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Piracy Software

Hamstersoft Ebook App Rips Off GPL3 Code, Say Calibre Devs 283

Posted by timothy
from the permission-to-spindle-and-maim dept.
Nate the greatest submits news of a claim that a recently released ebook application from Hamstersoft is actually built from code lifted from calibre, the ebook library app. He writes "It turns out that one calibre contributor is now reporting that his code was pirated for Hamstersoft. You can find the full details over on John Schember's blog. It's technically complicated and quite long. You can also find a non-technical summary. The short-short version is that Hamstersoft needs to give away a complete source code for the Hamstersoft Ebook Converter because that app uses parts of calibre, which is licensed under GPL v3. John gave Hamstersoft a month to comply and they did not. Now that app is clearly a GPL violation."
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Hamstersoft Ebook App Rips Off GPL3 Code, Say Calibre Devs

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  • by MatthiasF (1853064) on Sunday August 14, 2011 @03:07PM (#37087762)

    It looks like they do offer the code for the product?

    http://ebook.hamstersoft.com/en/support [hamstersoft.com]

    Link to a ZIP file at the bottom of the page above.

    So, is this a non-issue or did the company throw the code up quickly to avoid the DMCA?

  • by Nate the greatest (2261802) on Sunday August 14, 2011 @03:12PM (#37087794)
    I'm told that it's not a complete set of source code. - signed, guy who submitted the story.
  • Re:Sigh... (Score:4, Informative)

    by Stiletto (12066) on Sunday August 14, 2011 @03:15PM (#37087820)

    "Queue" the GPL critics?

    Really? "Queue"?

  • by galaad2 (847861) on Sunday August 14, 2011 @03:32PM (#37087982) Homepage Journal

    i think you're right, this is not a gpl violation, according to their server the source code zip archive was uploaded (and possibly also made available) on july 21. This includes the source code for that dll file.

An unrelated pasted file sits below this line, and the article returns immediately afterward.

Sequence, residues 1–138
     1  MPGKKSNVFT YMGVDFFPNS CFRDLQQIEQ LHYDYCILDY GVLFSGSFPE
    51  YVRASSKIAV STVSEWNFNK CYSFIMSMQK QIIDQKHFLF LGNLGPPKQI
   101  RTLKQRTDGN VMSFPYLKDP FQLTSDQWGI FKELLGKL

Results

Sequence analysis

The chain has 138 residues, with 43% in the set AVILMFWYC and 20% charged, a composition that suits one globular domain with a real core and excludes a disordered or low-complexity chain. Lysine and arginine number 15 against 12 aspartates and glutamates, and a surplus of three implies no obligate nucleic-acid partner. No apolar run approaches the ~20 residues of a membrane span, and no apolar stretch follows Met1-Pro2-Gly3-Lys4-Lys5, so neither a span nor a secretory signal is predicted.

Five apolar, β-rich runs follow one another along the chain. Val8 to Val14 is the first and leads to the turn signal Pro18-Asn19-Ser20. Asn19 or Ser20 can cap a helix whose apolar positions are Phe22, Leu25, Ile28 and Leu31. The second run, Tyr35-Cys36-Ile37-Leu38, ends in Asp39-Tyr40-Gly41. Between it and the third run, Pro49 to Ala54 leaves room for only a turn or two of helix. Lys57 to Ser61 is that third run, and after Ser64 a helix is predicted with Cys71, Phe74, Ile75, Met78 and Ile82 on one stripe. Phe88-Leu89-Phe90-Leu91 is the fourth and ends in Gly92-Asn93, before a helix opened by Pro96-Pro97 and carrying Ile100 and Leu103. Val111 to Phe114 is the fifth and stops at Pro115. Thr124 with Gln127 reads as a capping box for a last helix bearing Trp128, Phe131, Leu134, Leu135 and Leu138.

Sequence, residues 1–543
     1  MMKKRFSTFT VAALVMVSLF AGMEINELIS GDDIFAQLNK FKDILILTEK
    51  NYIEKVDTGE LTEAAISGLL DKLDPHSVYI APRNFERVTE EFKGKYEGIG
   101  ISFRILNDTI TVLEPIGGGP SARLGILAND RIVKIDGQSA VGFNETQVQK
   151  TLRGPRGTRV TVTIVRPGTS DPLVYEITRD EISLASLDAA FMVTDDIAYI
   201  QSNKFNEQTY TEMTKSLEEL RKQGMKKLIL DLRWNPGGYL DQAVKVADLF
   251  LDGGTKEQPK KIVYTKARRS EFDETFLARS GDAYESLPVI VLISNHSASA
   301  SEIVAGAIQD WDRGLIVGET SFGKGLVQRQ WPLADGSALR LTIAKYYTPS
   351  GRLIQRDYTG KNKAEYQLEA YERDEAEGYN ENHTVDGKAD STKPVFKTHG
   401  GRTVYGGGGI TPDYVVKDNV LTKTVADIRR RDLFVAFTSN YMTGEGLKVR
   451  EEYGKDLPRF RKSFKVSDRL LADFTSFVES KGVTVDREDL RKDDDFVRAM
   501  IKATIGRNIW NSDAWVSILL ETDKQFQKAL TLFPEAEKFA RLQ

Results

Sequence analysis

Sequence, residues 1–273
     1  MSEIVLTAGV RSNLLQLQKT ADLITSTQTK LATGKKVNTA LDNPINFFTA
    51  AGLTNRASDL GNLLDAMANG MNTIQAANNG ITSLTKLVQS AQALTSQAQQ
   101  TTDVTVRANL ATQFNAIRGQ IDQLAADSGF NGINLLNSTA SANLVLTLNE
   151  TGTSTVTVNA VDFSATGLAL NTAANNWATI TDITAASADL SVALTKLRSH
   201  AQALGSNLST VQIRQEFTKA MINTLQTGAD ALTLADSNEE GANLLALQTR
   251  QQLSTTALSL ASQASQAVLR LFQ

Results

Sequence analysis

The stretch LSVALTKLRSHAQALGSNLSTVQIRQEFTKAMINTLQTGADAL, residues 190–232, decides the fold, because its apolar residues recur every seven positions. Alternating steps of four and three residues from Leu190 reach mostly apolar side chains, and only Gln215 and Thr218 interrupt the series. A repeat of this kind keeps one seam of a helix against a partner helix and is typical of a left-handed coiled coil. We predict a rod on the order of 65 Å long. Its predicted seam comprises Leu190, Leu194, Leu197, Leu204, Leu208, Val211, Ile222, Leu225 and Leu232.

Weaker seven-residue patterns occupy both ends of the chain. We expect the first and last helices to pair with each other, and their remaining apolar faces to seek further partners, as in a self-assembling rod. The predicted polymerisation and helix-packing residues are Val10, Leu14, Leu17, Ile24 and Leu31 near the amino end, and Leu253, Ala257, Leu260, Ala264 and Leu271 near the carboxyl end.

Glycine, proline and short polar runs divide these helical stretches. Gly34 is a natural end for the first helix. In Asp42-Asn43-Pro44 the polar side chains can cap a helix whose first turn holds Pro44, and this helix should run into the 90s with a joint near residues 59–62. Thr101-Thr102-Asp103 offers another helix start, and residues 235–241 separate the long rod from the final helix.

media.hamstersoft.com/hamster.ebookconverter.project.zip

    HTTP headers returned by media.hamstersoft.com:
    [...snip...]
    Content-Type: application/zip
    Content-Length: 64444164
    Last-Modified: Thu, 21 Jul 2011 07:53:35 GMT

  • I'm a good friend of John, the blog post author, and have been working with him throughout this process in trying to unravel Hamstersoft's deceit. I want to make a few things pretty clear:

    Yes, they posted a zip of code on a hard-to-find link. But they did something sneaky. They included the very short and trivial C# wrapper around Calibre, but they only included a compiled (well, .NET dll) binary blob of the bulk of the application code -- the user interface. And of course, since all the heavy lifting is in Calibre itself, this code is the most important part of the application. They went through pains to extract the source of the UI components and only include it publicly as already compiled. They even packaged it up in a nice Visual Studio Solution so that you can load it up and hit "compile" and you get the software. It looks, at first, like they've complied. But then you dig into the source code actually provided, and it becomes obvious that they haven't provided the majority of the code at all, but only the wrapper code and a few call outs to the provided compiled DLL.

    Cheap trick.

    The other thing to take notice of in John's post is that in fact the search engines and Facebook have hardly complied -- there are still search results and Facebook pages for this company. Now, you can debate and troll and bikeshed and argue the validity and ethics of the DMCA all you want, but the fact of the matter is that when the big companies want to use it against the small, it seems to work, but when some OSS devs want to take the case up with giant companies, the response is exceedingly lackluster. (Likely, this being on /. will change things, we'd hope...)

    The final point to consider is what this all means for GPL and OSS. Hamstersoft is Russian, so good luck trying law suit or anything. But at the very least, shouldn't the OSS community have an army of lawyers willing to work probono, or financed by various foundations, for this kind of thing exactly? John mentioned he tried contacting one such organization, and was unsuccessful. He's told me that at another point, he got in contact with a lawyer from another place who didn't offer to do any work for him but vaguely suggested he send these notices to Google, Facebook, etc. That's pretty lackluster. I don't want to complain to loudly, but instead I just want to suggest that this issue call our attention to the bigger issue -- what institutions do we have in place to protect OSS software effectively as small OSS devs? Do such institutions work? In this case, thus far, they don't seem to be working.

Facts are stubborn, but statistics are more pliable.

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